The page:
My point, Carol and Ellen, is that your objections to debauchery are not amended by saying college students are not adults. And the point is not just "legal age" in the US. They are accepted as being capable of the duties of adults in almost all times and places in history. In fact behavior like this is a product of ambiguity about age not of lack of adulthood. It is also part of a patronizing snobbery that refuses to make demands. Furthermore it is inefficient as it contributes to the pernicious habit of arbitrarily eliminating ten-twenty years potential service to the community from people's lives. Most college students and many high-schoolers should be productive workers, not going to school in the first place.

And I assure you, I am over twenty-five. Not that it matters.
Carol, college students 18 years of age and older are legal adults. They are able to be legally married, be sent to fight in war, and work to earn money and pay taxes. Shirking responsibility does not remove legal adulthood.

BTW, my then boyfriend and now husband lived in a co-ed dorm with co-ed floors and bathrooms at Univ. of CA, Santa Cruz. UCSC had a cafe/coffee culture much more than a party hardy culture. His dorm really was like a bunch of brothers and sisters living together. I grew up with two brothers and two sisters, so I know what it means to grow up with brothers and sisters and share one bathroom with them. However, add a lot of alcohol and a few predatory males to a co-ed dorm and it becomes a recipe for disaster.
If "being capable of working, marrying, and fighting" are the your highest qualifications for "adulthood", I have to wonder if you have attained the age of 25, Jason. Two-yr-olds can fight nearly to the death! Three-yr-olds can out-work adults! As for marriage, little girls still love tea sets, baby dolls, and dress-up (even though little boys are unwilling to cooperate)! Indeed, without some modicum of 'conscience' and sense of responsibility, true adulthood is lacking....and I can introduce you to 40, 50, and even 70-yr-old examples!
Being capable of working, marrying, and fighting constitutes adulthood. In most societies nobody would have been expected to make "considered, informed, decisions" alone. The fault lies not in accepting their adulthood, but in the extremism of individualism.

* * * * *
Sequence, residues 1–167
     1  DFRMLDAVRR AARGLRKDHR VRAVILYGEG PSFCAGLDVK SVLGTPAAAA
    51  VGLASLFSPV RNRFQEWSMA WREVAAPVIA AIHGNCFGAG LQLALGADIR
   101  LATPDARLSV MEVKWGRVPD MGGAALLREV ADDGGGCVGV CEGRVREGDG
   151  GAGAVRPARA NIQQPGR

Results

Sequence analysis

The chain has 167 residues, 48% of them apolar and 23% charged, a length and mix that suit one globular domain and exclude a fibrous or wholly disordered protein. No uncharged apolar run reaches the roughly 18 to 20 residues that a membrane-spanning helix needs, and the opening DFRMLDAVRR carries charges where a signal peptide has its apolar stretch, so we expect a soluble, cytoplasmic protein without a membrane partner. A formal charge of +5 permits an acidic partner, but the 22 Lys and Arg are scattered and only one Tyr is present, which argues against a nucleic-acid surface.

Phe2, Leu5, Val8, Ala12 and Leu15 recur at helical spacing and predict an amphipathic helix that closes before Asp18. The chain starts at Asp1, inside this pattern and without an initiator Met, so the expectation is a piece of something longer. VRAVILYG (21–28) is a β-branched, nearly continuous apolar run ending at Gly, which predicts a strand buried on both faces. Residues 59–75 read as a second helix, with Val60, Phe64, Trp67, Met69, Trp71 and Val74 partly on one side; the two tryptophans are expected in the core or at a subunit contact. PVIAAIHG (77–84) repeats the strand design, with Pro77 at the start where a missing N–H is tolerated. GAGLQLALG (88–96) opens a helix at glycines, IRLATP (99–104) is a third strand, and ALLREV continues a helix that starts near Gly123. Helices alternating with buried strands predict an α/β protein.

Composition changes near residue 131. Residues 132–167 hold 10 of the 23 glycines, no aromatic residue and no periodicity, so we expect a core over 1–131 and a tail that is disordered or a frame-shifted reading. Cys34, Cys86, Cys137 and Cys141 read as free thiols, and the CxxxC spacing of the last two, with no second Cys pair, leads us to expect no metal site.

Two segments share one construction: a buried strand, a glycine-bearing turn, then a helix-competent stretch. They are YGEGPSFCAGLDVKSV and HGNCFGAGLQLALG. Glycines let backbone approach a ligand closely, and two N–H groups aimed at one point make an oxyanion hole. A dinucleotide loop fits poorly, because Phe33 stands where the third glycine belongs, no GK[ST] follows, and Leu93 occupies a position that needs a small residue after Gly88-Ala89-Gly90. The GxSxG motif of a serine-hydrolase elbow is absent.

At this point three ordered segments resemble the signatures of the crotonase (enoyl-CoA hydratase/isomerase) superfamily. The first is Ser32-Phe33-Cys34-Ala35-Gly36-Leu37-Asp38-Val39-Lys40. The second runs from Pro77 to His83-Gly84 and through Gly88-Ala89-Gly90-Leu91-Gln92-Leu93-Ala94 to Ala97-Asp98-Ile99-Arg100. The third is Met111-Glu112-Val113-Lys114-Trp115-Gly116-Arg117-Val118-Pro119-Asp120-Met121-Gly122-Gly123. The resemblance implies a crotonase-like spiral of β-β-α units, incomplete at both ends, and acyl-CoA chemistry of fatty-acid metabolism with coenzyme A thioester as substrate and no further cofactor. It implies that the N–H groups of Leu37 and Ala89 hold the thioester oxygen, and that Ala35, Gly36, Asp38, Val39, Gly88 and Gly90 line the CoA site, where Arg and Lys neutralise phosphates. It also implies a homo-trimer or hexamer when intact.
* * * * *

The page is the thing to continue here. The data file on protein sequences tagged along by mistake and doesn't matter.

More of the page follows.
It is rather pernicious to have a twenty year period of ambiguity in everybody's life. It ends up justifying sloth and vice in youths, and creates an air of snobbery in adults. And the behavior described is so gross that it is hard to see how it would be rectified by calling them children.

In most societies adulthood comes between ten and twenty.
Most college students are NOT adults! They have a part of their brain--the part that makes "considered, informed decisions"--that is not fully developed, and won't be until they are about 25 years of age! If the statistics I keep hearing/reading weren't "proof" enough, I have a situation in my own family that proves the point subjectively! Another subjective proof is all the high school and college kids who turned out to vote for B.H. Obama without thinking through what he was saying and promising! These are children still in need of parental oversight. It's one thing to give your child as much responsibility as he/she is capable of handling, and quite another, at an arbitrary birthday, to suddenly let go and in effect say, "Okay, kid: sink or swim"! The latter is parental abuse on the order of beating your child half to death or denying them food and water!
College students ARE adults. For that matter many teenagers are adults. Dissipation does not prove that they are not so; it proves that they are rejecting their responsibilities.